There is always a tricky transition period when you use new kit. As mentioned previously, my normal setup is the Fanatec CSL DD base (with their Formula V2.5 rim) and CSL Elite pedals. As expected there was certainly a learning curve with the new Logitech Gs, especially for the pedals.
The load cell brake won’t be to everyone’s taste and is very tricky to fully depress if you are a desk racer, but when bolted to my rig it is superb. The pedals have almost no deadzone whatsoever, and while there is very little travel in the brake pedal it is much easier to trail brake when compared to a more basic brake pedal. This is especially true once you build up some muscle memory. Likewise the throttle pedal has a very realistic feel and is much easier to modulate than others I have used.
At its maximum power the Pro Wheel is not really suitable for use on a table, just like the pedals. Even when turned down to 5 Nm it hard to maintain consistency with your racing when you aren’t attached to the wheel. Again though, when bolted onto a fixed rig the Pro Wheel comes alive.
The Pro Wheel base has a triangle bolt setup that fits my GT Omega Prime cockpit perfectly, and once setup there we could turn it up to the max and go racing!
We found native support for the Pro Wheel at the time of writing to be less than ideal, with Assetto Corsa Competizione being the most welcoming to the new Logitech G Pro Wheel. This is as expected with PC titles and a brand new piece of hardware, but nearly every game recognised inputs and remapping controls was a relatively simple one-off process.
For those few that didn’t recognise an input during our testing period, the Pro Wheel’s compatibility mode was able to bridge the gap. Easily selectable thanks to that OLED display on the wheel base, the compatibility mode effectively makes the base a G923 for detection purposes, which meant we were able to go racing on every title in our Steam library.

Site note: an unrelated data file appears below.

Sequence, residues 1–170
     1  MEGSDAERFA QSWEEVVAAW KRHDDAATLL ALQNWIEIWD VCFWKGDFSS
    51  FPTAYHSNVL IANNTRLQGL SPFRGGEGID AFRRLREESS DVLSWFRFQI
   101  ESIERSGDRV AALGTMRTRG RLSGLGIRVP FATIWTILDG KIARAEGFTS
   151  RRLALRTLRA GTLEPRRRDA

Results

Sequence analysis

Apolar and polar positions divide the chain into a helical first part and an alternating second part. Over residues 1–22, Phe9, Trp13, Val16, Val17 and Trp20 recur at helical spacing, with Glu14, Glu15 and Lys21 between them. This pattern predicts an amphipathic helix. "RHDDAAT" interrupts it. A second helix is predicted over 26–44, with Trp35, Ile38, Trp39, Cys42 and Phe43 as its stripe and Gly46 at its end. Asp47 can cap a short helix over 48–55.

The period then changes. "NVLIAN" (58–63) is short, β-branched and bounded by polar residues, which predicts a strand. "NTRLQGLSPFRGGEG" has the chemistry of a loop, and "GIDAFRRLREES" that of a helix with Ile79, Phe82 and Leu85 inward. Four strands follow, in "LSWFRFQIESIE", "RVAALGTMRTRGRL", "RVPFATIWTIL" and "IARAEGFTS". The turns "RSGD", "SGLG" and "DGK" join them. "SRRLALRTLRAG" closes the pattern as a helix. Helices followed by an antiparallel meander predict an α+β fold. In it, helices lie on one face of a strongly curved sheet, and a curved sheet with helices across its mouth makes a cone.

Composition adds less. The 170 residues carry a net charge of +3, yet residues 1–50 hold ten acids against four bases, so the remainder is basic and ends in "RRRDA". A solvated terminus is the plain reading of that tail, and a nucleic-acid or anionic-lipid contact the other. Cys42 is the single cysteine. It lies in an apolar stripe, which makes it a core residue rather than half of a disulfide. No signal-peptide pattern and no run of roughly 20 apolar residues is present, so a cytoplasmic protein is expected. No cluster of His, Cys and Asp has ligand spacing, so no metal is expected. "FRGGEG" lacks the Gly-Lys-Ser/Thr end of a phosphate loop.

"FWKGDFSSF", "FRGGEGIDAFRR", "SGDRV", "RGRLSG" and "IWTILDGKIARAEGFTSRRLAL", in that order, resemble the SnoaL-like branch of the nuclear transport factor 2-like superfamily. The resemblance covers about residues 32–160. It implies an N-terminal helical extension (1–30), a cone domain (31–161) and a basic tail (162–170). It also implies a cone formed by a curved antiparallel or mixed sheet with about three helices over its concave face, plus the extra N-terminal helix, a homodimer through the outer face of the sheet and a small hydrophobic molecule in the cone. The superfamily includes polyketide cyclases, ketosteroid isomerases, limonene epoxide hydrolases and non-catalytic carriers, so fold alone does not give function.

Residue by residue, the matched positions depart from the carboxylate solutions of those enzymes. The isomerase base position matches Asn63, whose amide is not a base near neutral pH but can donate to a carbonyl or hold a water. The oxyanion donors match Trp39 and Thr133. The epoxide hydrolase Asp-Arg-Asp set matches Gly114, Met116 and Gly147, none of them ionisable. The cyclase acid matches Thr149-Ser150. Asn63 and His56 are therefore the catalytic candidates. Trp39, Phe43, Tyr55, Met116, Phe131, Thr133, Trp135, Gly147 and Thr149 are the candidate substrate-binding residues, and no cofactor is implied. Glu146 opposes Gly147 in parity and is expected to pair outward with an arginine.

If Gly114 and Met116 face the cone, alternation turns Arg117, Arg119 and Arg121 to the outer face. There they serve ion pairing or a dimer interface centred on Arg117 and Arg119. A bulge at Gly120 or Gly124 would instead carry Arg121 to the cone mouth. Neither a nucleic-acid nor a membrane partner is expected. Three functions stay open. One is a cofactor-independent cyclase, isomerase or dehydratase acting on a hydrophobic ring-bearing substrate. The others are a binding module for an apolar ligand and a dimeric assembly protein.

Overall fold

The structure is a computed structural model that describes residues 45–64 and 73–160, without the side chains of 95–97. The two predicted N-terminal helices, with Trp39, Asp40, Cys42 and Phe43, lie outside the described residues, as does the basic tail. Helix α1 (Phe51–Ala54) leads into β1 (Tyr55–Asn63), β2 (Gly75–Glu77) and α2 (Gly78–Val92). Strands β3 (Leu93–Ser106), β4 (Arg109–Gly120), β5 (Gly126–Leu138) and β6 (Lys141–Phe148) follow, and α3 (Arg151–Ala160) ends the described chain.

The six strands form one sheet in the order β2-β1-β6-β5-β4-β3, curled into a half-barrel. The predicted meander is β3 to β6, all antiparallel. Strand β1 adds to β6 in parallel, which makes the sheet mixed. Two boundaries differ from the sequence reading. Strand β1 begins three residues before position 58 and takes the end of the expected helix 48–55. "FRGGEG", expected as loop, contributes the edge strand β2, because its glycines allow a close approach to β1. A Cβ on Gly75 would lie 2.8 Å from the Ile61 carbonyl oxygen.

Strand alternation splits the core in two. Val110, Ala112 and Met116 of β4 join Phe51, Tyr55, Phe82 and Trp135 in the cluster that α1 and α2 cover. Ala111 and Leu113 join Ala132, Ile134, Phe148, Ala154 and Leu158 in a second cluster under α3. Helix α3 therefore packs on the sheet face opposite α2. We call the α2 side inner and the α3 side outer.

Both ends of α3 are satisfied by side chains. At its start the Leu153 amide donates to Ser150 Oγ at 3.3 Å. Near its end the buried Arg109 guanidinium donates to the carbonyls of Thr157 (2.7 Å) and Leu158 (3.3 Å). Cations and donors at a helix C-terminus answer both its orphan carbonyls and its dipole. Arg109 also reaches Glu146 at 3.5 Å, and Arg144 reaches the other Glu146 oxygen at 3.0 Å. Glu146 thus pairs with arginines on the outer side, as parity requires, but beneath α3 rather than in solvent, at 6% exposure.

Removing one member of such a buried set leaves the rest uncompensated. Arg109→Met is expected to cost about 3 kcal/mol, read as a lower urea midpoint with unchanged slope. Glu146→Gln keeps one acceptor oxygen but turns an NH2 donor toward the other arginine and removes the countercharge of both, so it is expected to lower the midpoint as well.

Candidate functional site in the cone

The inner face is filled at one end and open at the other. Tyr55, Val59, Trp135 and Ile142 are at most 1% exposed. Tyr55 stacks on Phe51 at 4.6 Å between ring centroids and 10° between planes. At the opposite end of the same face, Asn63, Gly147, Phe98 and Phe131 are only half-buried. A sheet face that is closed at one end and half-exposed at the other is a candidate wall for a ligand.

In this mode we found force feedback implementation to vary across titles, with Autombilista 2 and WRC 10 seeming to do the least with such an effective piece of hardware. This should change as developers get access to the new hardware.
When racing in ACC the Pro Wheel is mind-blowing. You get incredible fine detail through the wheel even at lower torque settings. When set to the same 5 Nm power as my Fanatec CSL DD base I was getting far more information through my palms with the Pro Wheel.
This is thanks to TrueForce sending things like engine note vibrations through the wheel, giving you a more visceral experience. TrueForce’s addition in the G923 seemed to make the wheel rattle, but with a direct drive motor behind it the power of the system is finally unleashed.
You begin to truly feel where the edge of grip is, where the bumps are in a track surface, and especially where performance to be gained is. It’s a great experience, amplified by the pedals beneath your feet and the quality of the wheel rim in your hands.
When turned up you can really sense the power of the car you are driving. How applying the throttle on corner exit really pulls at the car. You can feel where the over- or under-rotation is and make corrections almost subconsciously. It feels easier to go faster with the Pro Wheel, not that it will be any substitution for practice, hard work, and talent!